Here’s a fun activity for historians and students in history classes: Go to your school or university library, open up old books and shake them out (not literally shake them, you guys!).
How many books might you need to shake out before you find a piece of paper? Usually its about 20 or 30 books. The most common things you will find are paper scraps used as placeholders, or receipts of the purchase of the book. Most books in a large library probably haven’t been open or “shaken out” in a good 40 years or so, so sometimes you can find some treasures.
When I was a grad student at Florida State University, I shook an old 1960s photograph out of a book. It was a photograph of a student at the university, I think, and I pass the photograph on to the university archivist.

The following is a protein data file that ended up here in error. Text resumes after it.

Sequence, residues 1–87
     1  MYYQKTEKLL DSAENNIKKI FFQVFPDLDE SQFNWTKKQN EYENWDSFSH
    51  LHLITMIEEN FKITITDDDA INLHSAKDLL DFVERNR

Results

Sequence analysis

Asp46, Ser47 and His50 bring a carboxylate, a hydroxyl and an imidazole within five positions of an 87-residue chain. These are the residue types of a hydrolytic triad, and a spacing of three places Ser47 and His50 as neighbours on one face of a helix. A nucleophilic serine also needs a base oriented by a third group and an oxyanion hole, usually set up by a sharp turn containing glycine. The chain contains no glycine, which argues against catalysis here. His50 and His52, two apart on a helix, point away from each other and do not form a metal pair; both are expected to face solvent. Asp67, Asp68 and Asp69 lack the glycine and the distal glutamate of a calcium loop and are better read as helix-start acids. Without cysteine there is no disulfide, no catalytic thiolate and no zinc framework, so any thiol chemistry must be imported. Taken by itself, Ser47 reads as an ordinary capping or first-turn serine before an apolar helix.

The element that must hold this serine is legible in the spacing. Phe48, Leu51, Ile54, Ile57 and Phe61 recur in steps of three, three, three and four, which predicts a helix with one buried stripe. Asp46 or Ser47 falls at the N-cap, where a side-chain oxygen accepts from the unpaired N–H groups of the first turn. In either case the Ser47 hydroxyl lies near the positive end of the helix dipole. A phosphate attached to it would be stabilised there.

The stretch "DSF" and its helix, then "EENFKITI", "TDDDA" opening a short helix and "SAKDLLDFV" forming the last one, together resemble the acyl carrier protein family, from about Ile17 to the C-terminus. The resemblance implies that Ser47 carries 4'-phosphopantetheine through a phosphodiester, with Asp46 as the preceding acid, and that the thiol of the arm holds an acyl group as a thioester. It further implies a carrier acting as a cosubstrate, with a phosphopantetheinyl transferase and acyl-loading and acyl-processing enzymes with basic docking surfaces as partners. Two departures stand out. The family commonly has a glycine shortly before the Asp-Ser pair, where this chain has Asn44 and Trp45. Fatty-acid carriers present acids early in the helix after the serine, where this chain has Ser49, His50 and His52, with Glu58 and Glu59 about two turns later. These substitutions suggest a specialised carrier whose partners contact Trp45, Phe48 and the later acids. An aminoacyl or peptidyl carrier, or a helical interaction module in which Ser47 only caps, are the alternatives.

When you shake out books, also take a look for any Ex Libris stamps or other cool features. Have students take images on their cell phones. As a class, you can try to explain what all these papers and features of a book mean.
If you are interested in more creative ideas for history, look for my book, Creative Historical Thinking (Routledge, 2018).
Hi, my name is Sofie. Friend and student of Mrs. Ingram. I go to the Habitat for Humanity for used books, all used and all at my book spending budget. I clear a shelf at a time and I found one used book with a graduation photo of a boy dated 6/8/81. The book is inscripted on the inside cover page and on a page inside the book, “David Holt”. There’s an address stamp on the inside from a book store in Georgia. A number, address, and everything. I found this interesting, but unfortunately “Holt” is a popular last name and it would be very hard to find him. He’s probably 54 now and would look totally different anyways.
I thought you just might like to know,
Very cool! Keep “shaking out” books. You never know what you might find. Maybe even a dollar bill from time to time!